A Brief History of Pants (Not Under) in East Lansdowne

In the January 6, 2009, posting, I mentioned that the “Children at Play” street signs in my neighborhood today show a running boy wearing knickers.  The signs are recent; only the symbol is ancient.

I used to wear knickers but only until about the third grade.  The knicker legs ended in a tight, knit sleeve just below the knee.  The high socks covered the sleeve and folded over a rubber band that held them up.  This style clearly showed my superiority over the Irish kids at St. Cyril’s Catholic school who wore their socks under the sleeve.  Sloppy.  Their way was quicker in getting dressed, but the knicker leg drooped down to mid-calf during the first recess.

The knickers I wore were of corduroy that emitted a woosh-woosh sound at every step and were far more practical than long pants. Long pants were made of heavy wool that had to be dry cleaned, although I am unaware of how this was done.  Like today, clean ones just appeared in my closet.  Who knows how this happens?  Magic, I guess.  None of the guys in the locker room know either.  Maybe it has something to do with the Higgs boson.

Keeping a crease in wool pants was a big deal.  Pants had to have a crease, but even with the utmost care the crease would almost disappear right before your eyes.  While in the process of sitting, you were expected to pinch each pant leg a little above the knee and pull up to keep them from binding.  Try getting a grade-school boy to do that a hundred times a day.  Forget just once and you would have baggy knees that looked ridiculous.  Disney’s Goofy looked goofy mostly by being drawn with baggy knees.  So, it was a big deal when permanent-crease pants were developed, more important than the often-quoted sliced bread.

But even with a permanent crease, wool pants still stunk when they got wet, which was frequent because we walked to school.  On a rainy morning, the whole school stunk, every hallway and every classroom.  Later generations never smelled that, but it was sort of like a wet dog, only worse.  And they itched.  When we got home, we always changed back to cotton corduroy play-pants.  Nobody had to nag us.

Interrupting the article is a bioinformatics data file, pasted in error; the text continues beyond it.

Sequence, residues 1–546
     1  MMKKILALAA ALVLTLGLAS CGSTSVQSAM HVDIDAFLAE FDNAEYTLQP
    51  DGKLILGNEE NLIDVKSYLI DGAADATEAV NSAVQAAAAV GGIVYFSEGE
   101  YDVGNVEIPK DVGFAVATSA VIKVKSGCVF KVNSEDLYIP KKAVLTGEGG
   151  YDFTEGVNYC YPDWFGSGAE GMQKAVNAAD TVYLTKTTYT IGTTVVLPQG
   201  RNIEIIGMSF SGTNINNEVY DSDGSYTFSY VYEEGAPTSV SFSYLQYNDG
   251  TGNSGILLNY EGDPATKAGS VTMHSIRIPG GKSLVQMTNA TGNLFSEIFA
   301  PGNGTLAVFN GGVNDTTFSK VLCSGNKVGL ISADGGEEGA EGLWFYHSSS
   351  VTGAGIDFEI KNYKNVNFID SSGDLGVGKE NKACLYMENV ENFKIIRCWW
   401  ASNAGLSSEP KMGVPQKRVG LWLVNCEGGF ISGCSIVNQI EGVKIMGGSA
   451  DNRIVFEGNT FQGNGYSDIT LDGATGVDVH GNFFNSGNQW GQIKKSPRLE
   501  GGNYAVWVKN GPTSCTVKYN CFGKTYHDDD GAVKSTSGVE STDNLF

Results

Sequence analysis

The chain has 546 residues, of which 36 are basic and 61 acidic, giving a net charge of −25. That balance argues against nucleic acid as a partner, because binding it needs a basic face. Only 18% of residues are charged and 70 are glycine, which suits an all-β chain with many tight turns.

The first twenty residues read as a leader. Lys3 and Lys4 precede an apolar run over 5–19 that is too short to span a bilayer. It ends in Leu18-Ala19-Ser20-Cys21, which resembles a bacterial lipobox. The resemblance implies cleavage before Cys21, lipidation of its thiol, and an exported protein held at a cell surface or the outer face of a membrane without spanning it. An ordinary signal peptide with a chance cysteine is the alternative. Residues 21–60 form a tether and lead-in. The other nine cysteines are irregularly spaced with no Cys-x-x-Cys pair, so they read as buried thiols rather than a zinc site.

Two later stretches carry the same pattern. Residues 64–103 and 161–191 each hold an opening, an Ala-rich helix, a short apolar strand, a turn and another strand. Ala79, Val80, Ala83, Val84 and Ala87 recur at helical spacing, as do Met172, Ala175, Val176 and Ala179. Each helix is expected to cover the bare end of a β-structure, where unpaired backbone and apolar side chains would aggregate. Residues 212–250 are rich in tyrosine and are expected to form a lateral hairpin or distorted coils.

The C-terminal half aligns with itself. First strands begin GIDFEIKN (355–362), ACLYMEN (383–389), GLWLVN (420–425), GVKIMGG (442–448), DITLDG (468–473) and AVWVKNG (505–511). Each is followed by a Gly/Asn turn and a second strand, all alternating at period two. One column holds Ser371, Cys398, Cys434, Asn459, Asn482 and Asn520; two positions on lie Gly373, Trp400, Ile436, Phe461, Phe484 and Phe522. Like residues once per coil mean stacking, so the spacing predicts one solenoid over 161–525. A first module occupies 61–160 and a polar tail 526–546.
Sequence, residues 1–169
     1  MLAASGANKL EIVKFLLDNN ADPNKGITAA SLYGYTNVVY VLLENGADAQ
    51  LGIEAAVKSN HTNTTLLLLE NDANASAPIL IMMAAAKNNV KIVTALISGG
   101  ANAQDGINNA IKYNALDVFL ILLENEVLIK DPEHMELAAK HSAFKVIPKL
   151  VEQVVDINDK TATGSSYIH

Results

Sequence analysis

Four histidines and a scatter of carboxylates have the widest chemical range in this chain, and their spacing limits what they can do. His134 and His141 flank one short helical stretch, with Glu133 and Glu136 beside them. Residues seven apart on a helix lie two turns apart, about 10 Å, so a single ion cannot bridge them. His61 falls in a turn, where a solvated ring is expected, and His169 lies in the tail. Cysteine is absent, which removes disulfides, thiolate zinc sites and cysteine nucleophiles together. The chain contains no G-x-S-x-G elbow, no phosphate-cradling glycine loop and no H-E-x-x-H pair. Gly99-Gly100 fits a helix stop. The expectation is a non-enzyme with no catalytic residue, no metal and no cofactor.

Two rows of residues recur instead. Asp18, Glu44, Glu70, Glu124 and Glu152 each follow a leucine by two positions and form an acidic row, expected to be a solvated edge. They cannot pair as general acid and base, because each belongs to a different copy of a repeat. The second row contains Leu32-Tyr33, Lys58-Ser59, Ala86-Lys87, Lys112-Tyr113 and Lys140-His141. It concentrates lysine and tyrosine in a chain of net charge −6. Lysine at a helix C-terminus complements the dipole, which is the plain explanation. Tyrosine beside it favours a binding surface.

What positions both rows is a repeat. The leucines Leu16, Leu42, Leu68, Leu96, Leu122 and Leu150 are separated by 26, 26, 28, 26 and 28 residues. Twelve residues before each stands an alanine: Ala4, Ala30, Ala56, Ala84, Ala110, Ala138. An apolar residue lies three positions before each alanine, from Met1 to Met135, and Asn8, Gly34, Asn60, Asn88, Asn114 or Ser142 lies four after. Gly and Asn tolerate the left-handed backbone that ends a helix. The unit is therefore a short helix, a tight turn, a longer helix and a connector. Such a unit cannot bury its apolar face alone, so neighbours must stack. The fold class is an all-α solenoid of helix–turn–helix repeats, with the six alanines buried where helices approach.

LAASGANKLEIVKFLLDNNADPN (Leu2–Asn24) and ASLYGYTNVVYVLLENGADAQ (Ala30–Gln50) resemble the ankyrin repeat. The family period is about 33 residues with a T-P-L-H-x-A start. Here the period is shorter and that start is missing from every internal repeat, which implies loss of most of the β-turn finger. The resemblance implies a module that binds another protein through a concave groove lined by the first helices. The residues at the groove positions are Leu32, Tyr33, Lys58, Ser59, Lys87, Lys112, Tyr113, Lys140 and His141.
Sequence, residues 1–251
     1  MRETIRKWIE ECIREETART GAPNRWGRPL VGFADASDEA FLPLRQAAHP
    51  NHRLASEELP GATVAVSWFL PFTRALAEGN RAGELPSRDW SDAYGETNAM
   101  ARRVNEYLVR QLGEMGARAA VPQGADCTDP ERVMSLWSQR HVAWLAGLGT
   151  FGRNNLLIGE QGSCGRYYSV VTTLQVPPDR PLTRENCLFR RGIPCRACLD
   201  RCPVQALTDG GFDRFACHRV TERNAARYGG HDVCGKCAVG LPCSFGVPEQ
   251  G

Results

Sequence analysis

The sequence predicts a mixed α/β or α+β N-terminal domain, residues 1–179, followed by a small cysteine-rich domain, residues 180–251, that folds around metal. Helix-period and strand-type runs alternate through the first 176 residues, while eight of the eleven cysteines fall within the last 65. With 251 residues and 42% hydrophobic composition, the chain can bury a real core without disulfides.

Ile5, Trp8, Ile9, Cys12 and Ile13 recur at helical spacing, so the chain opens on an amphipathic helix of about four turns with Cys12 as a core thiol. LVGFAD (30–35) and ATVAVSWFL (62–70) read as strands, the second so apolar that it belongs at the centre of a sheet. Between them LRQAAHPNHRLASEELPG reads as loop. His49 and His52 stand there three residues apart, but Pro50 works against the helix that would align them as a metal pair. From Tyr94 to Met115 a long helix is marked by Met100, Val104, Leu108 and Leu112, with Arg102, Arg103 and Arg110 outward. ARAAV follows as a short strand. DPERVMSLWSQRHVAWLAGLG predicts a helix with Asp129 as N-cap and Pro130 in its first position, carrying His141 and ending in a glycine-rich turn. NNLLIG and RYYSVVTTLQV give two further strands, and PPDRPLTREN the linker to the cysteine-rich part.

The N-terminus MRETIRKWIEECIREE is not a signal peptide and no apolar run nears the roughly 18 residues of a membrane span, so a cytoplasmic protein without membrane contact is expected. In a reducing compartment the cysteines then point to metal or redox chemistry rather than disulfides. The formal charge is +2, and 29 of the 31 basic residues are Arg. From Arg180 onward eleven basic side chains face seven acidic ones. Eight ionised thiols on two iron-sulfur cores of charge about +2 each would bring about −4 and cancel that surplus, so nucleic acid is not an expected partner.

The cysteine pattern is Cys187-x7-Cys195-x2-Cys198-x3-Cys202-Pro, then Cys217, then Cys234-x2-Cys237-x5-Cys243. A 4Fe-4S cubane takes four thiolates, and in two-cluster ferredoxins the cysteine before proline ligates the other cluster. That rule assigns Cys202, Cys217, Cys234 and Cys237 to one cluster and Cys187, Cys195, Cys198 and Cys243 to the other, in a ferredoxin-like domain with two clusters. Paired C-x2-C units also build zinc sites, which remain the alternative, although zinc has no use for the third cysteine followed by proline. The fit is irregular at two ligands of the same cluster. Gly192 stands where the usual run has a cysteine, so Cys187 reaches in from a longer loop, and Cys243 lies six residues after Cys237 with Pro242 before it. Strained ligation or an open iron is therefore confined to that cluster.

Wool pants invariably developed a shine on the seat from wear that contrasted sharply with the rest of the fabric.  It did make walking at night safer.  We must have lit up like a football field when a car approached us from behind.

Then the fabrics all changed imperceptibly.  By the time I got to college, only a few years later, the style was cotton chinos with a curious, tiny, nonfunctional belt in the back.  It was the signature preppy look.  The tiny belt was everywhere, even on the back of jackets and shirt collars.   Suit pants were still mainly of wool, but these new wool blends didn’t bag at the knees, didn’t shine, and  didn’t stink.  Eventually, they even became wash-and-wear.

So, grandchildren, appreciate what you have.  Appreciate what we went through for you.  That street sign protecting you is me almost seventy years ago.

NOTE:  St. Cyril’s Catholic school is on the recent list of schools to be closed.  It is obvious on even a brief visit to East Lansdowne that the upwardly-mobile Irish and Italian kids that once went there have long since moved on, leaving East Lansdowne as a depressed borough whose residents are largely supported by welfare.  Eddie Vetter and Julia Novielli are the exceptions who still lived there when I checked a few years ago.  Julia and Fred Weinstein were the undisputed smartest students in our grammar school class.

RWalck@Verizon.net

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About Roger Walck

My reasons for writing this blog are spelled out in the posting of 10/1/2012, Montaigne's Essays. They are probably not what you think.
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